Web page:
Get Real! How Can I Be Sure My Birth Control Works?

Heather Corinna

As long as you take your pills as directed and on time, with the exception of a few medications or herbs that can interact with the pill, you're as covered as you can get.

curiousgirl asks:

I
have been on the pill for over 2 years, and have never missed a pill. I
just started my inactive pills on Sunday of this week, and had sex with
my boyfriend on Monday. He wore a condom but I am still concerned there
is a chance I might still get pregnant. Is it possible for this to
happen or am I safe?

Heather replies:

So
long as you take your pills as directed and on time, with the exception
of a few medications or herbs that can interact with the pill, you’re
as covered as you get.

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I get questions like this a lot, so in the interest of making sure
you and everyone else understand your pill as best you can, let me
explain how the pill works and thus, why it works just the same during
the placebo period (the time you take or have the inactive pills) as it
does during the other three weeks of your pill cycle.

If you understand how your menstrual and fertility cycle works when you aren’t on oral contraceptives (and if you don’t, read this before reading further), it’s easier to understand how the pill works.

During a normal, unmodified fertility cycle, everything that happens
is first driven by the signals your brain, via the hypothalamus and
your pituitary gland, sends your reproductive system. Based on those
actions, the release of an egg by the ovary during a normal cycle also
releases hormones which direct the rest of the cycle, including the
type of vaginal secretions you’ll have for the best sperm mobility
during the fertile period.

When you menstruate, it’s because the egg released by the ovary
either wasn’t fertilized, or was fertilized but did not implant in the
uterus, so your endometrium which has built up from all of those
directives, to prepare for a fertilized egg implanting, then sloughs
itself off. That’s what your flow is during menses (which is also why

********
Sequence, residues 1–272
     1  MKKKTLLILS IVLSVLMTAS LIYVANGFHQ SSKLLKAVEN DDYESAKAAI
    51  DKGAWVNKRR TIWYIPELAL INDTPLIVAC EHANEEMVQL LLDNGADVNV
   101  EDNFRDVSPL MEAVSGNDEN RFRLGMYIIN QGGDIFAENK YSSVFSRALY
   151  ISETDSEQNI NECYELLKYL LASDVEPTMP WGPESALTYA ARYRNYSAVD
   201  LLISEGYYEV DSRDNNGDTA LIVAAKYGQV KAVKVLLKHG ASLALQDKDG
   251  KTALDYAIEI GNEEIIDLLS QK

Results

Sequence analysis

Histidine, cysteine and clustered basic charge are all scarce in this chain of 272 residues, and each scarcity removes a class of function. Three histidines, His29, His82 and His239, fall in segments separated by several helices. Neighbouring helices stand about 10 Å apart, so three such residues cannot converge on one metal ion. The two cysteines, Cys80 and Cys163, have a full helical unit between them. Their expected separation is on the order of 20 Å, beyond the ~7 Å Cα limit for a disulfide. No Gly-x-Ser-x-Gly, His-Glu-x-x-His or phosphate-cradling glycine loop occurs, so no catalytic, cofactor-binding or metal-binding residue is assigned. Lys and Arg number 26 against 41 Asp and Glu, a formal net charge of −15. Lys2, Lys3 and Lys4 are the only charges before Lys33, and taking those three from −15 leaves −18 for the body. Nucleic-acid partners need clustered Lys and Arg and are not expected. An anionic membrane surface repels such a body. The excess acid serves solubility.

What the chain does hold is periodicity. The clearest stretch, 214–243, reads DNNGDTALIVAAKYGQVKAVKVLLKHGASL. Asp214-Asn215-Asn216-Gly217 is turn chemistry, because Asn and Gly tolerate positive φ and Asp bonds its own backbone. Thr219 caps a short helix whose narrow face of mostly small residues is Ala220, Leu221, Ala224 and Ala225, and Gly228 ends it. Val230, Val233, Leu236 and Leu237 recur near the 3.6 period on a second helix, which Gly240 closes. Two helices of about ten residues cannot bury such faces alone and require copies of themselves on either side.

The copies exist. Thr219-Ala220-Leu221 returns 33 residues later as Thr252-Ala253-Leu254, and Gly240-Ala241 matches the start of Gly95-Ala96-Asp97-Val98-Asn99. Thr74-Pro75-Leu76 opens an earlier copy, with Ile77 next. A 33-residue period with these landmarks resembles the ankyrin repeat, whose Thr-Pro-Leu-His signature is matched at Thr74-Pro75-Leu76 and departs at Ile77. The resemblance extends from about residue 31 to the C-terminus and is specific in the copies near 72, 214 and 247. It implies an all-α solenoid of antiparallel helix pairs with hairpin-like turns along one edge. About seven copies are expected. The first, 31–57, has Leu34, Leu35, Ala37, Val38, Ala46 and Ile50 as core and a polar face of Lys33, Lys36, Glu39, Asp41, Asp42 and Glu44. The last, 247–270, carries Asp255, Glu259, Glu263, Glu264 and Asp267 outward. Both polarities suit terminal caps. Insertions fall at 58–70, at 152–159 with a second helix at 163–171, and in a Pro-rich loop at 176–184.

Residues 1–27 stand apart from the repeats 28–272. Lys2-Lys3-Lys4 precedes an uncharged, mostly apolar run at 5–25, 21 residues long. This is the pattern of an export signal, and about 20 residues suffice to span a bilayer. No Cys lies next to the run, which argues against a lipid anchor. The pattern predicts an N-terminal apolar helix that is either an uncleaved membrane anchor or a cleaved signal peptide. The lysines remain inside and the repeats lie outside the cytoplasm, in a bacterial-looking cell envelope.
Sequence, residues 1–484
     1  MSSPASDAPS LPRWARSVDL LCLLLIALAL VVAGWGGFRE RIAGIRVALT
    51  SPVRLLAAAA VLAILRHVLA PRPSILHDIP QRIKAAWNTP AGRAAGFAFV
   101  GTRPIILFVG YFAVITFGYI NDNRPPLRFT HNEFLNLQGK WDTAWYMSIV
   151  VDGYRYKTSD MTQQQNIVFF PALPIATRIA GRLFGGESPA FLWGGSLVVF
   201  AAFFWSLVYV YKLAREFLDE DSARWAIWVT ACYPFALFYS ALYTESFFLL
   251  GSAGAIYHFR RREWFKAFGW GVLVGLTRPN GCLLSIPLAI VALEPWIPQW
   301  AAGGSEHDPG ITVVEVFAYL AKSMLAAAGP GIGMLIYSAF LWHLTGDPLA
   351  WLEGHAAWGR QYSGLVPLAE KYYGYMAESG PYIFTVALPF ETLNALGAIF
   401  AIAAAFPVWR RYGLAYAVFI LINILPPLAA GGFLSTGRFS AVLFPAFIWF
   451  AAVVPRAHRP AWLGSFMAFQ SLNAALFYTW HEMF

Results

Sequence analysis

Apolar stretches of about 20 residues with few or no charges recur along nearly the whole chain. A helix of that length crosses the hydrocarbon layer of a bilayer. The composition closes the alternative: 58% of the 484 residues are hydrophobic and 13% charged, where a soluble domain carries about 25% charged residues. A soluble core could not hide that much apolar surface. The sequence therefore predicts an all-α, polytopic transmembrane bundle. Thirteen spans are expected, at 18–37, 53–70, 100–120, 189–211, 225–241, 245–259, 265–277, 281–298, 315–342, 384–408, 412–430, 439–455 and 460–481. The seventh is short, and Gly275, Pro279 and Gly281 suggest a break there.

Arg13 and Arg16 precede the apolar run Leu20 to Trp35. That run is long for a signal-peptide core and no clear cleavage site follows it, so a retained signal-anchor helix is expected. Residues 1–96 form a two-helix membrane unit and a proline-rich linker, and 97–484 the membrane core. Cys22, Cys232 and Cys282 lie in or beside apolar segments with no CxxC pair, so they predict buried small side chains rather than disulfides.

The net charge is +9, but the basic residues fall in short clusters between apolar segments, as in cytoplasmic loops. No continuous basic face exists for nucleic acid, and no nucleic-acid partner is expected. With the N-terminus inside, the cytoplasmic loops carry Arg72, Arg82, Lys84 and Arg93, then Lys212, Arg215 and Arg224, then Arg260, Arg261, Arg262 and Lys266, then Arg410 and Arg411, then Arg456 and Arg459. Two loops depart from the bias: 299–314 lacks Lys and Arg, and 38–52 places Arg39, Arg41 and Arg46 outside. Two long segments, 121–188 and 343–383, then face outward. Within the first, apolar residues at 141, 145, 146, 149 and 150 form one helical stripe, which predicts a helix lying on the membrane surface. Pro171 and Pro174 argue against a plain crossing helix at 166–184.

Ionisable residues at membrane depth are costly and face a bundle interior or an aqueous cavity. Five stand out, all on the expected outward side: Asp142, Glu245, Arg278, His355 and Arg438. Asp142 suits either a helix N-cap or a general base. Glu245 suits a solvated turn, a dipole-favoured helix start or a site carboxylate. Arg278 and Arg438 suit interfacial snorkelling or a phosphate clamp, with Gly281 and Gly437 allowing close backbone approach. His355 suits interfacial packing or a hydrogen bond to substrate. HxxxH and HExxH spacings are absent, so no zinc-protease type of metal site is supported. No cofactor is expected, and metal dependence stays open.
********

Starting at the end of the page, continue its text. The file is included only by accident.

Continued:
sometimes it has little globs in it, rather than just fluid).

When you take the pill, the synthetic hormones send a different set
of signals to your reproductive system entirely, so that you do not
ovulate — release that egg — so that your vaginal secretions become
and remain thicker (to make it tougher for sperm to get to an egg in
the case something went amiss there), and so that that endometrial
lining doesn’t build up as much (in the case that the other two modes
go awry, that would make it really tough for a fertilized egg to
implant). That’s three different ways to protect you from pregnancy,
and even just one of those ways is often enough.

The reason why you don’t have any extra risks during that placebo
week is because of all of the things the pill has done in the three
weeks prior, and which it will do once you start taking it again.
During that week, you don’t need pills because they’ve already
prevented ovulation and fertilization, so you couldn’t become pregnant
during that period of time, as without all those preceding signals to
be fertile, you can’t suddenly become fertile in that week.

Sometimes this is all more simply explained by saying that the pill
tricks your body into thinking it is already pregnant each cycle, which
is an accurate way to put it, since similar things do occur when a
woman is pregnant, and since you can’t become pregnant again once you
already are.

For more on how the pill works, one of my favorite explanations in visual format is on the PBS site about the pill, here. The Feminist Women’s Health Center also has a great general page about the pill, including loads of extra links.

While there are certainly downsides and risks with taking the pill,
one thing that isn’t a downside is how incredibly effective it is: in
perfect use, the pill is very close to 100% effective. When you combine
it with condom use — — which is always wise, since the pill offers so
STI protection — which are around 98% effective in perfect use, you have an awesome combined method that is beyond unlikely to fail.

Just be sure that you are taking your pills as directed — and if
you’ve lost your pill insert and need a reminder on what that means, check this out
— and on time, and it’s all good. Keep combining your pills with
condoms and I really can assure you that there is just no sound reason
to be worrying yourself about pregnancy. Obviously, no method, even a
combined one, is 100% effective, but right now, you’ve got as close as
it gets.

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